Letters To The Editor

"If you can’t change your fate, change your attitude.” – Amy Tan

Menace of beggary

Giving out charity and alms has become very much part of Pakistani culture and is now ingrained in our psyche. Such trait is appreciable, but it’s burgeoning rising suggests that perhaps we have taken things too far. The sight of beggars at busy traffic signals and streets has become an eyesore. It is all the more embarrassing if one is accompanied by foreigners. The beggars make a laughing stock of our nation by stooping to ever new lows for the sake of a few coins. I have observed of late that at traffic signals especially in Clifton and Defence areas disabled beggars on very low-wheeled carts move swiftly between the cars waiting for the signals to go green. At times they are not visible to the motorists. The situation requires immediate attention of the authorities.

Hasan Qureshi,

Minimum wage law debacle

Another labour day passed this year with zero-efforts made to uplift Pakistan’s most hard-working and underprivileged community. Nationwide, many offices observed a holiday while one could still see labour working on the roads in sweltering heat. Amidst the many woes and turmoil of the labour class, includes the non-implementation of the minimum-wage law. It is the law which prohibits employers from hiring employees or workers for remuneration less than a given hourly, daily or monthly minimum wage. The law is rigidly followed by many countries yet in Pakistan it has been grossly ignored. It should be brought to the Supreme Court’s notice that since decades the federal and provincial governments have miserably failed to implement the minimum wage law due to bad governance.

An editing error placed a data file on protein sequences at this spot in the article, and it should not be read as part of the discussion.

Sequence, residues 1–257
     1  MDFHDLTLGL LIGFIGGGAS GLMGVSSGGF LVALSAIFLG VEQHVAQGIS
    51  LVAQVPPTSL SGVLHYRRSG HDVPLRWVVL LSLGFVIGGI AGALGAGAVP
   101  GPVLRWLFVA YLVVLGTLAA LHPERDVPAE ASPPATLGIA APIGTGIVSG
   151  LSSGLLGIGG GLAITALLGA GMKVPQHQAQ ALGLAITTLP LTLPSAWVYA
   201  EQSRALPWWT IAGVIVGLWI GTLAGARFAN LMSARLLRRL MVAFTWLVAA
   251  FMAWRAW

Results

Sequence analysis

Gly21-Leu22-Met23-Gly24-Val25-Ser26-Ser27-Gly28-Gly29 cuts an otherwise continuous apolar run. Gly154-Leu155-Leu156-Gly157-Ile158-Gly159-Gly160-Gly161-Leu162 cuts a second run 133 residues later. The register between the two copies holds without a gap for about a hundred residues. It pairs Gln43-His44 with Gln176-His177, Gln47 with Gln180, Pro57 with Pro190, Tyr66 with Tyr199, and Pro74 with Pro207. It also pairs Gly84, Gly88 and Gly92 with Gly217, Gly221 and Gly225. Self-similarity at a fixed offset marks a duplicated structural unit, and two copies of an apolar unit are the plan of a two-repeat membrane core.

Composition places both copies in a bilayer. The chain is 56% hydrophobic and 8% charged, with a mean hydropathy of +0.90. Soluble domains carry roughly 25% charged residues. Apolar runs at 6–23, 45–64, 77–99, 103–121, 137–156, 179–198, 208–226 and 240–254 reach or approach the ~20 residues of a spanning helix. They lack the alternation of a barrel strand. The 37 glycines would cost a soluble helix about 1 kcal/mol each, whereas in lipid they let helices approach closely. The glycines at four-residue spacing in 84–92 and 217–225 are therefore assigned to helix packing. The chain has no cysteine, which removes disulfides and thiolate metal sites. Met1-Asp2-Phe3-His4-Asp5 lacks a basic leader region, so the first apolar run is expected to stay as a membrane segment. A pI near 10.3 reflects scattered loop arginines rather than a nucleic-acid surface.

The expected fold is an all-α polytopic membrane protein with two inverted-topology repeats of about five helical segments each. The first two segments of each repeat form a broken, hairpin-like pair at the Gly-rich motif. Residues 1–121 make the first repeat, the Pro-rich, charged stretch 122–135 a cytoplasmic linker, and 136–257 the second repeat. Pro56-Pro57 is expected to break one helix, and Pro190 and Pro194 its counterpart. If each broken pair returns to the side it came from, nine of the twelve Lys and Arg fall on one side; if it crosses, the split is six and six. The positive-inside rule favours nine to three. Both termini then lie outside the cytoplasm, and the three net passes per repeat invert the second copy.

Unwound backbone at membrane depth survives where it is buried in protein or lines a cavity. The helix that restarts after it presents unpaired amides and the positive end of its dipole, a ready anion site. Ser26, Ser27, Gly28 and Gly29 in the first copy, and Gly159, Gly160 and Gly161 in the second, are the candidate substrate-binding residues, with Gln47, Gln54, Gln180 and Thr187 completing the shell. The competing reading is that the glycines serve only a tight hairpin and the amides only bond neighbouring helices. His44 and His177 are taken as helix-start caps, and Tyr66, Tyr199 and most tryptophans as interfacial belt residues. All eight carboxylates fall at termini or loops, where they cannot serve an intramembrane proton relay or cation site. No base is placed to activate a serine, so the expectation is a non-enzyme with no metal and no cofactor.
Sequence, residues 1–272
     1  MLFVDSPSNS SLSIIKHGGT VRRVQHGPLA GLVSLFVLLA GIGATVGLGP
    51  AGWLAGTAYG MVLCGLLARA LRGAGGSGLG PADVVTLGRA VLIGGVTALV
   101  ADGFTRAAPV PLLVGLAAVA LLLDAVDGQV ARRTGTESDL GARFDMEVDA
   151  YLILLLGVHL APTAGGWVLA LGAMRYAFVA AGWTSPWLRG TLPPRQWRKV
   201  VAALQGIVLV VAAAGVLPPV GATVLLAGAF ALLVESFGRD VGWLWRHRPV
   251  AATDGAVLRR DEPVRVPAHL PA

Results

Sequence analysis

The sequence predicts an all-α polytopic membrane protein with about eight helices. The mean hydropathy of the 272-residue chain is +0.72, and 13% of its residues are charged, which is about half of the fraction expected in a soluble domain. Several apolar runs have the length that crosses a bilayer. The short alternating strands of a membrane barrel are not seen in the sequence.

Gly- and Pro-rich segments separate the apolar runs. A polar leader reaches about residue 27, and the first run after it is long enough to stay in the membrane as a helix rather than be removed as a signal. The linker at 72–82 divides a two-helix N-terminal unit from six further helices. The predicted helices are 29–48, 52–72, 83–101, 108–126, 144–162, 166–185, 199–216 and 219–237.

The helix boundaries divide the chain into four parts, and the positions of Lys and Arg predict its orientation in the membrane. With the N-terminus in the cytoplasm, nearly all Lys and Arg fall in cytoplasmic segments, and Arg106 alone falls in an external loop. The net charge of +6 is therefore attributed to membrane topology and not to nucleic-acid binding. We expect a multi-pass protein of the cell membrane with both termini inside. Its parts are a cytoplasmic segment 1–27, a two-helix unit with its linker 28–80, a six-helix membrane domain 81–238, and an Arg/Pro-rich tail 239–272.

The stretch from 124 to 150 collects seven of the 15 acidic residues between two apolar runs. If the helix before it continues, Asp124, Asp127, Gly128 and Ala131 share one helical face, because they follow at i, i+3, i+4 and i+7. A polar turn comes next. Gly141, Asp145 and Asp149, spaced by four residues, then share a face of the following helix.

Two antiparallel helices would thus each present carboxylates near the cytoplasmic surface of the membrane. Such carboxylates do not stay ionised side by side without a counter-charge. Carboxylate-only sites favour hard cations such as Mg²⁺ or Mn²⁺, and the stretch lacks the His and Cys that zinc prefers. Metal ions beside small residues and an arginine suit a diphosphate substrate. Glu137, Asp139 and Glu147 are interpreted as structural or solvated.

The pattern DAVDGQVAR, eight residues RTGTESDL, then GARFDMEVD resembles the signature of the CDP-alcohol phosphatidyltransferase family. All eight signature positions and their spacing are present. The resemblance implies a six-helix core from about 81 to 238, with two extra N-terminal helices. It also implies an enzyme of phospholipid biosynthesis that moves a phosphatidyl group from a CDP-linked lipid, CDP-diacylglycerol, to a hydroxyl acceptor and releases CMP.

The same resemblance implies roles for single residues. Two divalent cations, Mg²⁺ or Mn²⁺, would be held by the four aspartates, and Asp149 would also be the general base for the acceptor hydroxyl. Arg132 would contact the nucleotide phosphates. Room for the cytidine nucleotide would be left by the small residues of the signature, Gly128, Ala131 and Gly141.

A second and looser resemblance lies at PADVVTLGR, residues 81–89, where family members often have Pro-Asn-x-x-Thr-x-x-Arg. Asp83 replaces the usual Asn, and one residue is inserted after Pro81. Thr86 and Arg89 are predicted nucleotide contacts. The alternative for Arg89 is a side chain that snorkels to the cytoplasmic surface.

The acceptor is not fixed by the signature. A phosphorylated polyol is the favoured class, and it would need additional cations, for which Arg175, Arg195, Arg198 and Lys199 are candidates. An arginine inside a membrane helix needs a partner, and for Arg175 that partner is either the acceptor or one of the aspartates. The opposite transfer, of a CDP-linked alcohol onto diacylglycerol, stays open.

Hareem Shah,

Teach women self defence

It is highly admirable how many schools are encouraging and teaching girls basics of self-defence, karate and kick-boxing as a part of their co-curricular activities. These exercises do more than just make women stronger; they make them more aware about their surroundings and play a pivotal role in their empowerment. It vests them with the power to be prepared for any unexpected situation that comes their way. All schools and colleges should be encouraged to train girls in these feats.

Muzamil Azeem,

Discouraging video games

For years, children have been growing up playing car and motorbike racing video games which allows them all sorts of things like breaking traffic rules, overspeeding, taking over and engaging in accidents for fun. What parents don’t realise is that these kids also grow up to do the same rule breaking in real life without feeling bound by laws. This is one of the main reasons why traffic management in Pakistan is an active issue and years after inception of the country, cannot be dealt with. If we addressed the problem at the root, with banning such games, it might bring about a much needed positive change.

Faisal Zari,